Extending PCD to tuned cutting-tool geometries

  • 07-Aug-2009 08:56 EDT
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Veined PCD, made by sintering PCD into the carbide tool blank, yields more complex shapes. MegaDiamond

A potential drawback to traditional use of polycrystalline diamond (PCD) in cutting tools is that flat wafers are cut and brazed to the tool, limiting cutting-edge geometries. Not only that, the braze joint is close to the hot cutting surface and prone to failure, according to Scott Horman Product Engineering Manager for MegaDiamond.

One solution is to produce carbide tool blanks for routers and drills with complex geometries formed or pocketed into them. Diamond powder is filled into the pockets and sintered into PCD. Once fluted and sharpened, these hybrid tool blanks become complex-geometry cutting tools.

“A key point with these tools is that the braze joint is farther away from the cutting surface than with traditional PCD-edged tools,” reducing failures due to joint failure, said Horman.

MegaDiamond provides semi-finished tool blanks to partner companies who then flute and sharpen the tools to their finished geometry. These tools cost more than other solutions—sometimes many times more. The cost per part is likely to pencil out when the tool proves to cut faster and longer in a high volume operation. Precorp is another company that provides tool blanks for veined PCD tools.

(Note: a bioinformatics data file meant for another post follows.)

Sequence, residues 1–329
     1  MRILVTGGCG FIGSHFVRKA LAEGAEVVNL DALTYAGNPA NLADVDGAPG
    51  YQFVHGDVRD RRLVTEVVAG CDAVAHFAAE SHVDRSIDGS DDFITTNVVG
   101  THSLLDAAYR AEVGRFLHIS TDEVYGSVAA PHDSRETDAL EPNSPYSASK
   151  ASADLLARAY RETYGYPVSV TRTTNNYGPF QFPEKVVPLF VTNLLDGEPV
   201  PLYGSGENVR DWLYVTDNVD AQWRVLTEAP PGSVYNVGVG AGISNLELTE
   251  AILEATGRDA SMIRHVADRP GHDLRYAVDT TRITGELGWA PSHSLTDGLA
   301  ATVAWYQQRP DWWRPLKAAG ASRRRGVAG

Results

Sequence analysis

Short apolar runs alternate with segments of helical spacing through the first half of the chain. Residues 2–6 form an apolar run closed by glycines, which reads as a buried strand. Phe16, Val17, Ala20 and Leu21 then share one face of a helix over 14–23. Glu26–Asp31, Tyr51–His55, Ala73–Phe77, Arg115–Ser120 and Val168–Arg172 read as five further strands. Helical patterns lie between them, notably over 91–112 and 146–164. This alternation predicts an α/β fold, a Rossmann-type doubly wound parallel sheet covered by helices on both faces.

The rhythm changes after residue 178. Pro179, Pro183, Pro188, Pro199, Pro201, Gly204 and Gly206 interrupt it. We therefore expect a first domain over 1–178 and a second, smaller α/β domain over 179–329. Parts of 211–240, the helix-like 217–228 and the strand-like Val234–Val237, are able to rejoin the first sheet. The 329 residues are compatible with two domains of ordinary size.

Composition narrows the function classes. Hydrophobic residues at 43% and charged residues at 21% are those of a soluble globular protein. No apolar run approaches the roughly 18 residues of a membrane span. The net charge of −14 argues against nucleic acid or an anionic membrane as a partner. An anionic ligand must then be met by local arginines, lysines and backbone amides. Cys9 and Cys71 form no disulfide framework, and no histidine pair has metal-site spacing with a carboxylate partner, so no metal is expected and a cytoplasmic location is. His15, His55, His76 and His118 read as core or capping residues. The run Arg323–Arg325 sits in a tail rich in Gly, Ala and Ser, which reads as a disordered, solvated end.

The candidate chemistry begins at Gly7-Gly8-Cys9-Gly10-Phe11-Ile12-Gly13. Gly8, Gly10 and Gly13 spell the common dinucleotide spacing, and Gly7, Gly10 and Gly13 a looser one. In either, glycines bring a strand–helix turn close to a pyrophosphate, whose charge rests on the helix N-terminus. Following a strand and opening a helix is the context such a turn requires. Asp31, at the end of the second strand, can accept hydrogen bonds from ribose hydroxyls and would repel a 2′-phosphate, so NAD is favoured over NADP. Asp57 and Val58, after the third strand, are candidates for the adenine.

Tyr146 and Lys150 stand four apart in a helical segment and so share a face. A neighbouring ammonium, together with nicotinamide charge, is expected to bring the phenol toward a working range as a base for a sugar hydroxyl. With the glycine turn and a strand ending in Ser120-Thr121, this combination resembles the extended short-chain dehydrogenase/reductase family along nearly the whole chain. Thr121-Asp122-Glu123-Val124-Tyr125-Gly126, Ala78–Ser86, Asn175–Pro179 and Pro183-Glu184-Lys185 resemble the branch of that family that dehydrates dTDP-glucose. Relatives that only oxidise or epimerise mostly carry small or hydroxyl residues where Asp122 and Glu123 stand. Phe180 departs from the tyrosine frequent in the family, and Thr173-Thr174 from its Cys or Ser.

Besides providing coated carbide and PCD-tipped tools, Unimerco is an end-supplier of veined PCD tools. Combining superior wear characteristics with tuned geometry provides the ultimate in both worlds—as long as the machine running the tool is rigid enough. In one application involving a stack of aluminum and carbon-fiber-reinforced plastics (CFRP), Unimerco provided a drill for combined drilling and countersinking in one operation using a veined PCD tool. The CFRP was 6.35 mm thick on aluminum whose thickness ranged from 6 to 16 mm. The customer demanded no exit burs and no delamination in addition to an accuracy to the H11 tolerance specification, which requires holes no larger than 75 micron from nominal diameter, and no smaller (0.0 micron) than nominal diameter. Tests showed a Cpk of just less than 4.0 against a requirement of 1.33. The company’s one-shot method replaced three drilling operations, delivering an 83% lower cost per hole despite the higher cost of the drill itself.

Jim Stead, Business Development Manager for Unimerco, is unequivocal about the future of PCD tools. “PCD can provide up to more than 30 times longer tool life over even our coated carbide tools. While the use of carbide is increasing [to meet increasing requirements for composites], the use of PCD tools of late is increasing even more. That trend is not going to change. The use of PCD tools is going to increase the most rapidly.”

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